Cam Newton, Blizzards, and Cybersecurity

As ticker tape rained down on Bank of America field the Carolina Panthers gathered to celebrate their NFC Championship win. At the center of the crowd stood Cam Newton, the quarterback and leader of the team. Surrounded by reporters Cam was asked about his preparation for the Super Bowl. Curiously Cam replied that he did not know who they would be playing but that he would be ready. He did not know who they would be playing in the Super Bowl?!? The Denver Broncos had won the AFC championship three hours earlier. In those three hours Cam did not bother to look at the scoreboard or ask a teammate who his next opponent would be?  Even with his team leading by over 30 points in the 4th quarter he didn’t stop to ask who is next?

My guess is that Cam was so focused on beating the Arizona Cardinals that he did not want to think about the Super Bowl. How often in sports do we see the dominant team lose because they “looked past” the current opponent? How often do they disregard the easier team only to suffer an upset? Maybe Cam Newton made a conscious decision not to look past Arizona and get distracted from the job of winning the NFC Championship. Perhaps he would have gotten overwhelmed if he thought about all of the games between him and a Super Bowl.  Maybe he knew that the only way for him to accomplish his goal was to take it “one game at a time.”

This lesson is obvious to all of us Northeasterners who just emerged from our igloos on Sunday after Winter Storm Jonas. Looking out at the multiple feet of snow we knew that the only way we were ever going to clear our driveways was to take it one shovel at a time (or one phone call to the plow guy – not judging). If we started worrying about the hours we were going to spend, or the potential chiropractor bills, we never would have survived.

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So what can Cam Newton teach us about embedded software cybersecurity? Just like winning the Super Bowl developing a secure embedded system is really hard (but not nearly as cool). If we stand back and look at the breadth of the problem we can easily get overwhelmed. But, if we break the problem down into pieces we will make it through. Start with a FIPS 140-2 validated encryption engine, then focus on PKI and then build your application on top. Take each step independently and make sure you develop it correctly before you move on to the next step.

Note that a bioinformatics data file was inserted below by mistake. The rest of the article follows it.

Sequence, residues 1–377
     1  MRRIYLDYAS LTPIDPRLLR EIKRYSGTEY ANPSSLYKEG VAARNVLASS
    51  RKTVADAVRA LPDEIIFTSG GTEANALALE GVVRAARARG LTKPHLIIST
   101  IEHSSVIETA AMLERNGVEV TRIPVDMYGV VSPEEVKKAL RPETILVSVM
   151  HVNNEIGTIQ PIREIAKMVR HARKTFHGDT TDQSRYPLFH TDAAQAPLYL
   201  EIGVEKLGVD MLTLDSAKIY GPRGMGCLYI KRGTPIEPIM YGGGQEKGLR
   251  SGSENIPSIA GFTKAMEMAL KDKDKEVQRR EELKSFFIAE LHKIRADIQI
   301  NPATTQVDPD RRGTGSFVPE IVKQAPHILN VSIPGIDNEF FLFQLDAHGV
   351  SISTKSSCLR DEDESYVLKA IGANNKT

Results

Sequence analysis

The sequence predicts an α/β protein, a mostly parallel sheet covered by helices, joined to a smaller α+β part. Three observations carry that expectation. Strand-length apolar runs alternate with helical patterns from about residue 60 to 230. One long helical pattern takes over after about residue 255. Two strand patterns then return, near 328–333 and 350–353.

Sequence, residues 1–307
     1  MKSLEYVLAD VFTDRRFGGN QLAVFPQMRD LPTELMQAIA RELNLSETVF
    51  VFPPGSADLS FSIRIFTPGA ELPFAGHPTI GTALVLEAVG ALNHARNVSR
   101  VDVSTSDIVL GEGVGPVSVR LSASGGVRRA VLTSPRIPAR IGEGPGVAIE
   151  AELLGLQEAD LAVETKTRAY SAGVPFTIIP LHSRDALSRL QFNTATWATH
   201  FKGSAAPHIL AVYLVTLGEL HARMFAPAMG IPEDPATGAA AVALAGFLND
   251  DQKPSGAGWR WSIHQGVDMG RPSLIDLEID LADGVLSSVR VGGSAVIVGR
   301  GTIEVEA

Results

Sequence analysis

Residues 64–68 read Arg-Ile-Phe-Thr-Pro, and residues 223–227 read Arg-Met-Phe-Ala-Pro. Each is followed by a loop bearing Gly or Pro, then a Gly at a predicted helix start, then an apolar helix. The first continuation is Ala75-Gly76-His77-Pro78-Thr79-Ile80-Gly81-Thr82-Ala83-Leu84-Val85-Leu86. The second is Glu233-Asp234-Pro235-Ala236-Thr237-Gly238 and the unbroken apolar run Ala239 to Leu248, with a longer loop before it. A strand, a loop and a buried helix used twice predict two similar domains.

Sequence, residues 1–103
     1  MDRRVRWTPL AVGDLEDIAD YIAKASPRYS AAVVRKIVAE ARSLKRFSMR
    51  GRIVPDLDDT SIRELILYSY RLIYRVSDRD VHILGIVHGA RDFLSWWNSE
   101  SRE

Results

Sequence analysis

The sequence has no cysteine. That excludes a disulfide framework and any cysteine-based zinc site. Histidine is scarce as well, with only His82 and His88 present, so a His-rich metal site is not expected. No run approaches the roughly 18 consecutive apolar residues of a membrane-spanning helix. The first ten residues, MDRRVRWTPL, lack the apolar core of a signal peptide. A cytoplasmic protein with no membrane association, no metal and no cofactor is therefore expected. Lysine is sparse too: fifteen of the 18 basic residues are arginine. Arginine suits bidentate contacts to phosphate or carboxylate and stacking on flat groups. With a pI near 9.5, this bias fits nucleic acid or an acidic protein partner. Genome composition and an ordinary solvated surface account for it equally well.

This is the reason TELEGRID developed its Embedded Security Framework (ESF).  The ESF is a structured collection of encryption and authentication modules designed to accelerate the design and development of embedded systems. It is based on TELEGRID’s 30+ years of design, development and production of embedded systems in the field of voice and data encryption, secure unified communications and management of networked encryptors. The ESF helps Government Engineers design STIG compliant embedded systems quickly.

Eric Sharret is the Vice President of TELEGRID Technologies, Inc. TELEGRID designs and develops secure embedded systems for the US Military.

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Disclaimer: The opinions expressed here do not represent those of TELEGRID Technologies, Inc.  TELEGRID Technologies, Inc. will not be liable for any errors, omissions, or delays in this information or any losses, injuries, or damages arising from its display or use.  All information is provided on an as-is basis.